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Homecoming Special: An Inseparable Trio

Alumnae celebrate their lives together from birth, to Bears and beyond

Story Series
News Feature

Recently looking out onto the quadrangle from the top steps of Boyden Hall, Juliette (Silva) AlmeidaMargaret (Moniz) LaFleur and Elizabeth “Betty” (Rego) O’Neill reminisced. 

“That building wasn’t there,” Almeida said. 

“Yes it was, that’s Tilly,” O’Neill corrected her.

“No, no, the one behind it,” her longtime friend responded.

The three classmates stood on campus 55 years ago, when they each collected degrees in elementary education. 

The three women are all members of the class of 1963. Almeida and O’Neill earned graduate degrees from Bridgewater in 1968, LaFleur a year later.

When the trio first arrived on campus as freshman the school was known as Bridgewater State Teachers College. By the time they graduated, the legislature had approved a name change to Bridgewater State College.

Their friendship didn’t start at Bridgewater, but some 30 miles away in the mill town of Fall River. 

“We’ve known each other since we were born,” O’Neill said. 

The women were raised in the same Fall River neighborhood. Their families were all friends.

“We received our first communion together, our confirmation together. We were always friends,” LaFleur said. 

The future Bears attended Fall River’s Academy of the Sacred Hearts. Upon graduating 12thgrade, they decided to continue their education. 

“As a woman you only had three options back then; nursing, teaching or secretarial,” Almeida said. “We decided to be teachers. Bridgewater was known as the teaching school.”

LaFleur took a slight detour before coming to campus: She initially explored becoming a nun. Three days at a convent were enough. She became so homesick that her parents had to come collect her. 

“I don’t think it was your vocation,” O’Neill said, with a laugh. 

With the convent behind her, LaFleur rejoined her friends from the neighborhood and began her studies at Bridgewater.

As one would expect, things were different in 1959. Tuition was only $200 per semester, undergraduates had to be in the dorms by 9 p.m., and female students were not allowed to wear pants and instead had to don pleated skirts with nylons.  

“It was freezing in the winter,” O’Neill complained. 

The course load was also heavier than today, Almeida said. It wasn’t uncommon to register for 13 classes in a single semester.

 “We took classes all day, there was not much of a break. We literally were in class morning to night,” she said. “As elementary education majors we had to take classes in everything.”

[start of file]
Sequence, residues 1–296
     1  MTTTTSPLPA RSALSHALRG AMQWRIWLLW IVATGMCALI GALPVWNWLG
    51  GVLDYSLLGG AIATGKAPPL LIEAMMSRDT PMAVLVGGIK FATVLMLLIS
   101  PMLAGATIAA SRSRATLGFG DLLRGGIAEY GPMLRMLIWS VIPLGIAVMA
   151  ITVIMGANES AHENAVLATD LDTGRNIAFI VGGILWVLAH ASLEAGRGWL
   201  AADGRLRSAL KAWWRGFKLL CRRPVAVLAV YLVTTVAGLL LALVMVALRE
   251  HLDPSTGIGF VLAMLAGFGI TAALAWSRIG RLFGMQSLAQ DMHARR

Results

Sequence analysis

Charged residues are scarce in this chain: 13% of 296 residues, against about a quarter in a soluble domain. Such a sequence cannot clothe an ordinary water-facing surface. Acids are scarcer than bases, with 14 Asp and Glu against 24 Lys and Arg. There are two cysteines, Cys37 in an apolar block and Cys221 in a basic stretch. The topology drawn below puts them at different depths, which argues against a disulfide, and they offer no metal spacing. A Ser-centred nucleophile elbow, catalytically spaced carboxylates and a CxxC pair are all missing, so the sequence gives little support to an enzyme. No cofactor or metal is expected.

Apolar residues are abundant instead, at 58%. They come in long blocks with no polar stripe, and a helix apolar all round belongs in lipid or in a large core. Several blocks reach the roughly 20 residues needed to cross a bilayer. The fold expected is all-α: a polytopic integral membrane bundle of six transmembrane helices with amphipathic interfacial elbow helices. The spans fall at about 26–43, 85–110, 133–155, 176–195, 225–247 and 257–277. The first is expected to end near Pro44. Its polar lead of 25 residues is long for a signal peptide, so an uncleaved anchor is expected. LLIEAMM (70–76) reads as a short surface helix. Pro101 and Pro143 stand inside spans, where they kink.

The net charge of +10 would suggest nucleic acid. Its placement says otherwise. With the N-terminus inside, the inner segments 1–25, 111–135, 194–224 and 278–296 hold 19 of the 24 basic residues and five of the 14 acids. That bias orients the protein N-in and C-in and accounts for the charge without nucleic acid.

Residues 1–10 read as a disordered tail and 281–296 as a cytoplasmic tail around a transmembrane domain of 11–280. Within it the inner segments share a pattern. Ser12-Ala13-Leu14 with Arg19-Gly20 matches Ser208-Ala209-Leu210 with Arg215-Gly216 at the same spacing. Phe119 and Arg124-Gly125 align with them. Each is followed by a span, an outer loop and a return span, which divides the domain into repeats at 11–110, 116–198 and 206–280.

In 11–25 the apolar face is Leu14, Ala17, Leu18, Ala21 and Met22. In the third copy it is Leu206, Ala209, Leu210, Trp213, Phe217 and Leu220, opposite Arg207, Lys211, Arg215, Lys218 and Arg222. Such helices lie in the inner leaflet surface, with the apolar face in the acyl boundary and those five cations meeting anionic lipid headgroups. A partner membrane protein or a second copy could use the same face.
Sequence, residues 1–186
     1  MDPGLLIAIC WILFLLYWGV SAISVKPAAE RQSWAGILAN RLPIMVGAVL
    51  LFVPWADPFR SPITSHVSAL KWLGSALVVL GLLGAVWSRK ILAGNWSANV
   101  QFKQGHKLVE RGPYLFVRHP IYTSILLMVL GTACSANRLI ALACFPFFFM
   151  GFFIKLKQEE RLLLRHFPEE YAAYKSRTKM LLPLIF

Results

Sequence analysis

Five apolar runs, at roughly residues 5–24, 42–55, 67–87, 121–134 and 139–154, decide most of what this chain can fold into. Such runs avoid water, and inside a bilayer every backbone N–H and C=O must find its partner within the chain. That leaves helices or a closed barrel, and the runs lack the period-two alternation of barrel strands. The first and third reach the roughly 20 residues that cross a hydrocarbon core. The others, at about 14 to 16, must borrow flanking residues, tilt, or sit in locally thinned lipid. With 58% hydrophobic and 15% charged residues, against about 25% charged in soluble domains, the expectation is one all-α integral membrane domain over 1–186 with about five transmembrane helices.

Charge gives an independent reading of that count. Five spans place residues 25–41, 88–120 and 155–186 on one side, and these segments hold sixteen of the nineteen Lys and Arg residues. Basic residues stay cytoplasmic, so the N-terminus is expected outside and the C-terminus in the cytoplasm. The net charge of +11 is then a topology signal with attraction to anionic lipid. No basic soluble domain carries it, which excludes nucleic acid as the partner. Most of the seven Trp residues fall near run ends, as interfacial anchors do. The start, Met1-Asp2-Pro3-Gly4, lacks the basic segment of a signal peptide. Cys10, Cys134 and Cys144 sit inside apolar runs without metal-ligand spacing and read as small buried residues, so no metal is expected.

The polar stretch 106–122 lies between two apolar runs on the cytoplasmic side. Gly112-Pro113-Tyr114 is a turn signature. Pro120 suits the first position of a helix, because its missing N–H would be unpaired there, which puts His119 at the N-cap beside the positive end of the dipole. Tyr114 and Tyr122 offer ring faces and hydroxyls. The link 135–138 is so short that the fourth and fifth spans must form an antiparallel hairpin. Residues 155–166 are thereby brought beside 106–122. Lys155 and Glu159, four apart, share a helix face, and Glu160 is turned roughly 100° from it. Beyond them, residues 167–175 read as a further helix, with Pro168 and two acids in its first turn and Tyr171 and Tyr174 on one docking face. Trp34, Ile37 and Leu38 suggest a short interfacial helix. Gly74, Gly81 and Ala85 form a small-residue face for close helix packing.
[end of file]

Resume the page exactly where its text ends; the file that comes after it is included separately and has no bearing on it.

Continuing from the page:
Throughout college, the women leaned on each other, as they worked dated and studied. When senior year rolled around, they began searching for fulltime teaching positions. After graduation, they were each offered a position back where it all began – in Fall River. 

“The three of us were hired on the same day,” O’Neill said.

LaFleur was hired as a first grade teacher at the John J. Doran Elementary School. Almeida was employed at the Charles V. Carroll School to teach fourth grade. Meanwhile, O’Neill started off at the William M. Connell School as a second grade teacher. 

“We didn’t know what we were doing,” LaFleur laughed. 

The three quickly figured it out and continued their education, each earning their master’s degrees from Bridgewater. Eventually, they moved on from teaching into administration, each becoming a principal within the Fall River school district. 

LaFleur took the helm for the Lincoln Annex School, Almeida served as principal at the Pine Street School, and O’Neill took on principal duties first at the Carroll School, before moving to the Susan H. Wixon Elementary School. 

Throughout their 40-plus years working in education, the friends continued to support each other through marriages, births, divorce and death. 

“We have remained friends,” O’Neill said. “We have our own distinct things, but we are still a unit.”

Now retired, the friends are all grateful that Bridgewater was part of their journey, particularly LaFleur who is happy she left the convent to trail her friends to Bridgewater. 

“I was never sorry to have followed my friends into education,” she said. “It has been my mission to work with the children, parents and teachers. It’s been amazing. What a gift.”

No doubt, her best friends agree.

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